Deutsche Bank AG will withdraw from participating in setting gold (COMEX:GCG14) and silver benchmarks in London after Europe’s top investment bank joined JPMorgan Chase & Co. and Morgan Stanley in cutting back on commodities.
The German bank will sell its gold and silver fixing membership and stop submitting gold forward offered rates, according to a person familiar with the decision, who asked not to be identified because the information isn’t public. The move comes a month after the Frankfurt-based lender said it will cut about 200 jobs in raw materials.
The bank is one of five gold and three silver members that help set fixings, benchmark rates used by mining companies, jewelers and central banks to trade and value metals. The U.K. Financial Conduct Authority is said to be scrutinizing how prices are set in the $20 trillion gold market. German regulator Bafin is reviewing how banks participate in price-setting as part of its review of benchmark administration in the wake of the London interbank offered rate rigging scandal.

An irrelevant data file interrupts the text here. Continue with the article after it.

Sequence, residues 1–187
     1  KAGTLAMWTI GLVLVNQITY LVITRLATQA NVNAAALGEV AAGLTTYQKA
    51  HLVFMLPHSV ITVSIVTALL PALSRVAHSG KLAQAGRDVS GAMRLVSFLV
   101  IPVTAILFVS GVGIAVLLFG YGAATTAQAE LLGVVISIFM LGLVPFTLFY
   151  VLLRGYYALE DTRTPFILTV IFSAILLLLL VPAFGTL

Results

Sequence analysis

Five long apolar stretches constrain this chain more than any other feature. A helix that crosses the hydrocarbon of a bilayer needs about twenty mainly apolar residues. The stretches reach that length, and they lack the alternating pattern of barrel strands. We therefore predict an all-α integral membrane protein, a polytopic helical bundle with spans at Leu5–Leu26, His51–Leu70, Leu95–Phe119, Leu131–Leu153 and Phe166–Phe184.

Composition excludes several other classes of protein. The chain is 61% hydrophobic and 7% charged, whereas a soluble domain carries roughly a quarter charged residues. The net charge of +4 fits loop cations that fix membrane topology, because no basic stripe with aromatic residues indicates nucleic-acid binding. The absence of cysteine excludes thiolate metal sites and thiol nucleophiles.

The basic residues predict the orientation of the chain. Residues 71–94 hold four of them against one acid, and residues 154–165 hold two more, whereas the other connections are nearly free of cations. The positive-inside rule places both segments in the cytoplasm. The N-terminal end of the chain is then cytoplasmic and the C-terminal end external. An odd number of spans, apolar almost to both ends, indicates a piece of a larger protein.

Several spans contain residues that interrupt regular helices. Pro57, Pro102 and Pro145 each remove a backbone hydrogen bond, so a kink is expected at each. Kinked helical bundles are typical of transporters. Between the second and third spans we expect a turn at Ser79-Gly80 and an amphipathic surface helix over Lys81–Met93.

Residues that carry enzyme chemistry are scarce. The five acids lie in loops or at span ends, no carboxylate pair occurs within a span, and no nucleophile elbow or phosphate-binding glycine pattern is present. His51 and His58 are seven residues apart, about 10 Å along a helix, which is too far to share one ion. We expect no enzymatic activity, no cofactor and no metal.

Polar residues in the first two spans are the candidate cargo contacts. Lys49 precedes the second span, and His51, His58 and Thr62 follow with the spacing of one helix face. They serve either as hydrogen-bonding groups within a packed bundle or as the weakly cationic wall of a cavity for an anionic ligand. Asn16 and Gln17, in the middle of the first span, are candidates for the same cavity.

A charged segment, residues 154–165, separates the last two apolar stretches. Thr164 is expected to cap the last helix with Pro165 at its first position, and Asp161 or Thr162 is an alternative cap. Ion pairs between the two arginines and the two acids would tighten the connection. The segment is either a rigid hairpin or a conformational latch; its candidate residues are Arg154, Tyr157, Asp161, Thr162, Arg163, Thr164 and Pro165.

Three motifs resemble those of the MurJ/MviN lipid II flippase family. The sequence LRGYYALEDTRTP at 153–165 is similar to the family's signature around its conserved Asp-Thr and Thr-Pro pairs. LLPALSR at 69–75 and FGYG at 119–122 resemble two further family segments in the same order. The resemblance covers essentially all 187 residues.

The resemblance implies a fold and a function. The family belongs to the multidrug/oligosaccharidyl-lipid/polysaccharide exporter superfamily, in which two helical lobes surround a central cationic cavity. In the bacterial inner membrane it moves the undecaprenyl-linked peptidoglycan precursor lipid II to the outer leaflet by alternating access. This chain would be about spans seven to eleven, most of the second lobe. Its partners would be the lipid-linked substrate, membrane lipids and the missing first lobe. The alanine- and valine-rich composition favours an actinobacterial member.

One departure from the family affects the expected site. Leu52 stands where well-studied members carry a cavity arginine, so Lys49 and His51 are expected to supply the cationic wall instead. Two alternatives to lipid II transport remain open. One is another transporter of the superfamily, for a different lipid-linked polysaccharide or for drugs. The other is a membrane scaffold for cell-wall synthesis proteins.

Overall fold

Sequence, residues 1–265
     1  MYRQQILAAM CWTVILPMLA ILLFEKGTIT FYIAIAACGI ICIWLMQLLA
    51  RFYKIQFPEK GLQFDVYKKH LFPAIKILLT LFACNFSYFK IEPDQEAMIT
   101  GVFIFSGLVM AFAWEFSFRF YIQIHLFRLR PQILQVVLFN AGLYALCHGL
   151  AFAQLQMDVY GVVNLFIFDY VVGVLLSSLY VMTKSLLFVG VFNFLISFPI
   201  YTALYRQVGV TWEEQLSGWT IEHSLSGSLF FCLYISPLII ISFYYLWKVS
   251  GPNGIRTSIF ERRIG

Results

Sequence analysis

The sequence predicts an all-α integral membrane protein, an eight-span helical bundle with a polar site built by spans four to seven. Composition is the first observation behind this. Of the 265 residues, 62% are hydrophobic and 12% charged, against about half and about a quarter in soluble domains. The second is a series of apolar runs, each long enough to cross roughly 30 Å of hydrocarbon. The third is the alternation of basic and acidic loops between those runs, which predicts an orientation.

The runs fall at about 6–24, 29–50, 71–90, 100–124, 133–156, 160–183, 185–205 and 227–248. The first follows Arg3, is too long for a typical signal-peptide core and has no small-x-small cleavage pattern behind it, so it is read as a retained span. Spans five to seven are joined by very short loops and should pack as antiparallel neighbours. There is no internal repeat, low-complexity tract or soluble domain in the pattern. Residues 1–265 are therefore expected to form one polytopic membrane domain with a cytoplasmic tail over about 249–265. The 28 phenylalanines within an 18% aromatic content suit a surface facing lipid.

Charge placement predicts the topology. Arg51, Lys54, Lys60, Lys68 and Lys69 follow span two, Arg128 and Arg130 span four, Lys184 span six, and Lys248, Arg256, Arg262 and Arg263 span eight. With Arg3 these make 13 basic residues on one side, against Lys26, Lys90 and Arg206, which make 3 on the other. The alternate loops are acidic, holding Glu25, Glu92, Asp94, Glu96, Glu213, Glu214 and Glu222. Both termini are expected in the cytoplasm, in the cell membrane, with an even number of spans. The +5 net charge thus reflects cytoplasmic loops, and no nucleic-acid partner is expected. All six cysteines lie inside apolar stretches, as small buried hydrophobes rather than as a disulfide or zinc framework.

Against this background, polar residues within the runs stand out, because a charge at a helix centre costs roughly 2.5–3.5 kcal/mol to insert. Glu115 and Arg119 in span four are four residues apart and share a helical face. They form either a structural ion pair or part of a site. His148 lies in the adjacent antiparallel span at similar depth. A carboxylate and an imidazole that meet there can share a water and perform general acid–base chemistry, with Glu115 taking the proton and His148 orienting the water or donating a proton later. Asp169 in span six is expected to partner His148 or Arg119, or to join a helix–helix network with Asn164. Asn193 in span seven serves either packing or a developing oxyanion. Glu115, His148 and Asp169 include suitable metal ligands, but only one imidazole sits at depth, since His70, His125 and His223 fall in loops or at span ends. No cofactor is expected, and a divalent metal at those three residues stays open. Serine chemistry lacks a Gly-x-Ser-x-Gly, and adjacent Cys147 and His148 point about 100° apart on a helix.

“At the moment there is probably not a lot of interest from buyers,” said Wiktor Bielski, a commodities analyst at VTB Capital in London. “There is nobody out there who’s building this business, everybody is scaling down. A Chinese bank or an emerging-markets player would be a more likely buyer than a traditional Western bank.”
In private meetings last year, the U.S. Commodity Futures Trading Commission, which regulates derivatives, discussed reviewing how gold prices are set, a person with knowledge of the talks said. The U.K.’s FCA is scrutinizing the setting of gold prices, a person with knowledge of the review who asked not to be identified because the matter isn’t public, said last year.
The London Bullion Market Association said in November it’s reviewing its own benchmarks to see whether they conform to guidelines set by the International Organization of Securities Commissions in July. Those include making prices based on “observable” deals where possible. The LBMA oversees gold forward offered rates, which reflect bullion borrowing costs for different durations and are used in loan agreements.
Aelred Connelly, a spokesman for the association, said he couldn’t immediately comment.
“Deutsche Bank is withdrawing its participation in the gold and silver benchmark-setting process following the significant scaling back of our commodities business,” the bank said in an e-mailed statement today. “We remain fully committed to our precious metals business.”
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